- - - EVALUATING THE AFP SURVEILLANCE SYSTEM IN SOUTH AFRICA, 2005-2009

Friday, 31st of May 2013 Print
  • EVALUATING THE ACUTE FLACCID PARALYSIS SURVEILLANCE SYSTEM IN SOUTH AFRICA, 2005-2009 - AN ANALYSIS OF SECONDARY DATA   

Landiwe Siphumelele Khuzwayo1,2,&, Lazarus Rugare Kuonza1,2, Ntombenhle Judith Ngcobo3

1South African Field Epidemiology and Laboratory Training Programme, National Institute for Communicable Diseases, Johannesburg, South AfricaZ, 2School of Health Systems and Public Health, Faculty of Health Sciences, University of Pretoria, South Africa, 3Expanded Programme on Immunization, National Department of Health, Pretoria, South Africa

&Corresponding author
Lazarus Kuonza, South African Field Epidemiology and Laboratory Training Programme, Johannesburg, South Africa.

 Best viewed at http://www.panafrican-med-journal.com/content/article/14/86/full/

  Abstract

Introduction: Acute Flaccid Paralysis (AFP) surveillance was adopted by World Health Organization (WHO) to monitor progress towards poliomyelitis eradication. South Africa Department of Health (DoH) routinely collects AFP surveillance data but has no documented evidence of its epidemiological use. The study discusses the epidemiology of AFP in South Africa from 2005-9, evaluates performance of the AFP surveillance system, and identifies components that require strengthening.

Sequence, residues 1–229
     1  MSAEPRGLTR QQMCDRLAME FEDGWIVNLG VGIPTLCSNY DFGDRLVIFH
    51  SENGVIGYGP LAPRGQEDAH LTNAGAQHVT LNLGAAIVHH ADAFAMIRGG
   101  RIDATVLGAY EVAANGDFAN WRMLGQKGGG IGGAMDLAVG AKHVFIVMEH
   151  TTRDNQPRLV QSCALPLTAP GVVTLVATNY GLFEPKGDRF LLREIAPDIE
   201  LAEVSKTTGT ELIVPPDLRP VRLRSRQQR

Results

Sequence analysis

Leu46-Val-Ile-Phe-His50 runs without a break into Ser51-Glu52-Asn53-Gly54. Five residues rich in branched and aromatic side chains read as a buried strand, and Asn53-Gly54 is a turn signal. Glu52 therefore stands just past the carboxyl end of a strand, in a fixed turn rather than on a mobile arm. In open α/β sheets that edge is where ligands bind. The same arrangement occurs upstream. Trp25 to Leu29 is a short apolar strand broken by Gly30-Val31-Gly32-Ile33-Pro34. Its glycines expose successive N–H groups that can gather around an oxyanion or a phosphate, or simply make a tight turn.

Methods: A retrospective descriptive analysis was conducted on secondary AFP surveillance data for South Africa for the period 2005-2009, consisting of all children <15years reported to the DoH as AFP. AFP surveillance performance was evaluated using WHO-specified AFP surveillance indicators.

Results: South Africa reported 1501 AFP cases between 2005 and 2009. Of these, 67.2% were <5years of age, and 54.3% were male. None of the cases were confirmed poliomyelitis, and ten (0.7%) were classified as polio-compatible. The national annualized non-polio AFP detection rate increased from 1.6 in 2005 to 2.1 non-polio AFP cases/100,000 children <15years in 2008-9. All performance indicators met the WHO-specified targets except two. Between 2007 and 2009, 51.5%, 55.3% and 65% of specimens, respectively, reached the laboratory within 72hours of being sent (WHO target is ≥80%). Proportion of stool specimens where non-polio enterovirus was isolated decreased from 22.5% in 2006 to <1% in 2008 and 2009 (WHO target is ≥10%).

 

Conclusion: The AFP surveillance system met most WHO-specified epidemiological and laboratory performance standards. The surveillance programme needs to address problems of delayed specimen arrival to the laboratory and incomplete documentation of laboratory findings in the national AFP surveillance database.

23236313